4)    Arsenic and Old Lace (1944) – Frank Capra directs this farcical achievement, arguably the wildest romping comedy I have ever seen. Hailing straight from Babetown (which I am told is in England) is Cary Grant in the role of astute theater critic Mortimer Brewster, who notoriously boards up his windows at the first whiff of matrimonial winds. However, against his own judgment he has just married doll-faced Elaine (played by doll-faced Priscilla Lane—what are the odds?) and is stopping by the house of his two beloved aunts before he and his new bride dart off to honeymoon in Niagara Falls. In a bizarre twist, he discovers that his sweet, dear little aunts have been poisoning lonely old men who come to rent their spare room because they genuinely believe it is the kind thing to do. Where it seems like it would obviously be a drama or a thriller, Capra takes advantage of the comedic contrast, and puts innocent and unsuspecting Mortimer Brewster at the center of an exasperating plot that will have so consumed you within fifteen minutes that you’ll be flailing about (no lie). The aunts are delightful and syrupy, which only makes their serial killing more hilariously preposterous, and the plot (whatever’s left of it by this point) thickens when Mortimer’s estranged brother Jonathan (Raymond Massey), who is a truly psychotic serial killer, suddenly comes home with his minion (played appropriately by Peter Lorre). To make matters more ridiculous, Mortimer’s new wife, who hasn’t a clue in the world as to what’s going on, keeps popping in from her home next door to see if Mortimer is ready to leave for Niagara Falls. Subtle nuances like a constantly waiting taxi and a cousin who believes he is Theodore Roosevelt contribute to make this film one of the greatest comedic feats ever. There is never a second that is not bombarded by something more fantastical than the previous. You honestly have to see it to believe it.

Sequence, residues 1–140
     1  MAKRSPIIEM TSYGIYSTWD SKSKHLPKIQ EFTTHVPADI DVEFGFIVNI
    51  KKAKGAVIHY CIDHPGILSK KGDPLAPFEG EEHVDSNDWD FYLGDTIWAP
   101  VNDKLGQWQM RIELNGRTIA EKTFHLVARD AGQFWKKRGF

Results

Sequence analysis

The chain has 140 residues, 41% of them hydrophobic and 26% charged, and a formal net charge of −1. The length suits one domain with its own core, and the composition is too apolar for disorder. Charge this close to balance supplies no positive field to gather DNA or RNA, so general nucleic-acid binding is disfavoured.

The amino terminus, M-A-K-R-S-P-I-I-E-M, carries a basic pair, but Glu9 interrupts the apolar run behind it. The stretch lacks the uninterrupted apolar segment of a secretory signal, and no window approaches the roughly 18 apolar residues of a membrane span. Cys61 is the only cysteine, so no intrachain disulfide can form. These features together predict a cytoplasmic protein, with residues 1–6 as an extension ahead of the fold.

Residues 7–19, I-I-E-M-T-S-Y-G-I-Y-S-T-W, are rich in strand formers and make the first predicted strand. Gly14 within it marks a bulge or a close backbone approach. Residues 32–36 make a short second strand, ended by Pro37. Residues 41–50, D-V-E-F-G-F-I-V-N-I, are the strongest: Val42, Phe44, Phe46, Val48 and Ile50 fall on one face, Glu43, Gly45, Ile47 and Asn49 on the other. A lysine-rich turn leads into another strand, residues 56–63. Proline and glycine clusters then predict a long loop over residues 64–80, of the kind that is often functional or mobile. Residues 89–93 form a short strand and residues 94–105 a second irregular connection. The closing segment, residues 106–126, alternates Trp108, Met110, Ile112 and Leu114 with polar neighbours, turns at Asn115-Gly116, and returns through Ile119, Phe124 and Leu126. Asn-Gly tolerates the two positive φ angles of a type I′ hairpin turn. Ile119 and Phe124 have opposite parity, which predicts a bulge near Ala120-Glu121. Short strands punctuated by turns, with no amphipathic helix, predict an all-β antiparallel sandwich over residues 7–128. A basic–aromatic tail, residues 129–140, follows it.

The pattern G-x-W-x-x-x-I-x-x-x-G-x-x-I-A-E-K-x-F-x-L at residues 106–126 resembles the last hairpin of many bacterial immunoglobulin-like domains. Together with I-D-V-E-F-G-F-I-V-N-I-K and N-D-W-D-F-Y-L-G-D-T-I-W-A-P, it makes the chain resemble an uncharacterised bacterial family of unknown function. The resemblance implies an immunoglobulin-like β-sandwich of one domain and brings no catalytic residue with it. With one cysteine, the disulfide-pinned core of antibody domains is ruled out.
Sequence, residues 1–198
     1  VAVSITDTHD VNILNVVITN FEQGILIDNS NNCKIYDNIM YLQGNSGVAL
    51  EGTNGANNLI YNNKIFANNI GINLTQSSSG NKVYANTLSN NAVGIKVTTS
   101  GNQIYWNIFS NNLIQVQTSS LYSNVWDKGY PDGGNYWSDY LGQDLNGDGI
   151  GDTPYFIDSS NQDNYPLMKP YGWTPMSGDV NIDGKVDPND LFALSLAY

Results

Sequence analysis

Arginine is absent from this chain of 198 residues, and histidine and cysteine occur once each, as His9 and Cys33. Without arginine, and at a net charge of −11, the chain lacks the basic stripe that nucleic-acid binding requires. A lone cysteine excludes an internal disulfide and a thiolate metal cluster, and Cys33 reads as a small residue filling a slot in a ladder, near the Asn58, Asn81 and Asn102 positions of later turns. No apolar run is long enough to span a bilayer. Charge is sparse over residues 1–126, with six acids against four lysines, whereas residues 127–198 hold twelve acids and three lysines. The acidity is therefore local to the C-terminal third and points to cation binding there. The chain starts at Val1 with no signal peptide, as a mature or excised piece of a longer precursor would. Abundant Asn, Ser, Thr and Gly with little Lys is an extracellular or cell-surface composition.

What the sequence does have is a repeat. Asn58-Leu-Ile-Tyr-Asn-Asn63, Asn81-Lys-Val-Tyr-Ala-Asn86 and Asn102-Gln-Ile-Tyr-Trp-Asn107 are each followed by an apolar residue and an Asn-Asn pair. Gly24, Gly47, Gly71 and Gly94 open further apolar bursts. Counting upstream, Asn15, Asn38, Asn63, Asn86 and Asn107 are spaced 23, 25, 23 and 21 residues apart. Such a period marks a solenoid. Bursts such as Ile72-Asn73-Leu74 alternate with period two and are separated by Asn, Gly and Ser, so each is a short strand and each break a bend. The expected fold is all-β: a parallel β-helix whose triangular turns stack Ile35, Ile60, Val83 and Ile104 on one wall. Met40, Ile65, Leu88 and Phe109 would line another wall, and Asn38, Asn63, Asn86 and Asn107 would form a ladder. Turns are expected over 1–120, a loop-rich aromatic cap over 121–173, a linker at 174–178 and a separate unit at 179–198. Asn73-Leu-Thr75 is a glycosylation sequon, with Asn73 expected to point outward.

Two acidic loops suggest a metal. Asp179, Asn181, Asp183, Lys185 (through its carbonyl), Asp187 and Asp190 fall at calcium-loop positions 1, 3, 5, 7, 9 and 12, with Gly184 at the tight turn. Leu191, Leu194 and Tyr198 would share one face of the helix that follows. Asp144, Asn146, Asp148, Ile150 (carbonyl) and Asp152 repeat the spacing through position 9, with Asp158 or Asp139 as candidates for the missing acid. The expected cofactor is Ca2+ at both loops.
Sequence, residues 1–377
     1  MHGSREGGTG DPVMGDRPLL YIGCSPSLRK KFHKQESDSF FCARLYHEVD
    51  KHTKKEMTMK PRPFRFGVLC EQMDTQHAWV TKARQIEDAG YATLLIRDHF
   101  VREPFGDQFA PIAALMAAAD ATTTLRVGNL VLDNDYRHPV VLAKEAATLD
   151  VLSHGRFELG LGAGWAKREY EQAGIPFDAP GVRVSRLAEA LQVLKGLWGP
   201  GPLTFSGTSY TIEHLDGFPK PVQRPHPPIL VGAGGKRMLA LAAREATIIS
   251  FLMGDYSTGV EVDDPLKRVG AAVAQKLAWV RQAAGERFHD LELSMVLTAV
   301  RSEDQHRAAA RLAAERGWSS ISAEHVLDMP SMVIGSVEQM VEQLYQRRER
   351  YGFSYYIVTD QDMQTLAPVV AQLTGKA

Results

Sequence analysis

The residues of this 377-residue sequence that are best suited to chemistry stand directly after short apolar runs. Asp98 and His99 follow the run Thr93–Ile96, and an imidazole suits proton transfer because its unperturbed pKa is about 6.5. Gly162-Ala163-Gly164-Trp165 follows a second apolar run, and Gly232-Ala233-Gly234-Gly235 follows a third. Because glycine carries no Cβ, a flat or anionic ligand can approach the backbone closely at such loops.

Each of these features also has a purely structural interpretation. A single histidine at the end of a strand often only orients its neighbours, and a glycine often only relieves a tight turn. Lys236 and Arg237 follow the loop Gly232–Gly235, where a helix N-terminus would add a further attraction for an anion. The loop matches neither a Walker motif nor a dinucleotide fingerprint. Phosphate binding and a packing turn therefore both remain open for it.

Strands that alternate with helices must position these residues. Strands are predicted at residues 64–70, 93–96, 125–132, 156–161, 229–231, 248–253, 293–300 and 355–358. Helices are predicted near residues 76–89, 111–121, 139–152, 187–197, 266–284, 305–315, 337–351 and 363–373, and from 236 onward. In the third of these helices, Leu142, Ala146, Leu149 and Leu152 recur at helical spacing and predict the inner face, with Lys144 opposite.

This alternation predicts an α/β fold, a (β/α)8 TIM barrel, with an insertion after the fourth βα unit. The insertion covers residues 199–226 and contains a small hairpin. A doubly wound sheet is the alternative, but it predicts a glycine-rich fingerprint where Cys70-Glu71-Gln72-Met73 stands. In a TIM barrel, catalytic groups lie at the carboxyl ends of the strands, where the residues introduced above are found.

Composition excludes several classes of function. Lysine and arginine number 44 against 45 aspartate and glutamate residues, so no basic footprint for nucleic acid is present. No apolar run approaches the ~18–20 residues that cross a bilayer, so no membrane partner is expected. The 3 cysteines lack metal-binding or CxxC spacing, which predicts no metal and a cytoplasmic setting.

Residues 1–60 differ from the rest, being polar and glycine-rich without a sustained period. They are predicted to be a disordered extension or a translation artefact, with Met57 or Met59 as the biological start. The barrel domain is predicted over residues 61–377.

5)    The Awful Truth  (1937) – Cary Grant, again, has us in stitches in what is considered to be the greatest screwball comedy of all time. Cary as Jerry Warriner and comic whip Irene Dunne as Lucy Warriner appear as a couple who, both suspecting one another of infidelity, file for divorce. While they are waiting for the divorce to be finalized, they are forced into contact on account of mutual custody over their beloved dog, Mr. Smith. In a series of hilarious shambles, both try to thwart the other’s attempts at a new romance. Director Leo McCarey’s lack of planning for this film often left Cary and Irene without a script altogether, forcing them to entirely improvise what turned out to be some of the finest scenes in comedy. You’d never guess they were making it up as the camera was rolling. Such is genius! The Awful Truth single-handedly influenced romantic comedies of the present, but notwithstanding 75 years and literally no solid script or direction has remained above every attempt to duplicate its mastery. Wickedly smart and quick, Awful Truth is glittery fun that makes one realize how much the funny business has been bankrupted since 1937.

There you have it. Five of the greatest comedies ever made. I wish I could properly emphasize how important they are, how much influence they had, have, and will have, and, most importantly, how instantly delightful they are.

Delightful is perhaps the only word worth using—because these films were designed to be hard diamonds of comedy from start to finish—but it does not even begin to encompass the mastery and genius of each film. The secrets and beginnings of comedy as we know it are all locked within the vaults of these five films (and countless more), and if the average high school student is willing to set aside the theatrical prejudice against “old movies” or “black-and-white movies,” he or she will stumble upon a gold mine they would otherwise never have known existed.

(And for more immediate comic relief, please consult the nearest complete television series of I Love Lucy. Take two, and you can thank me tomorrow.)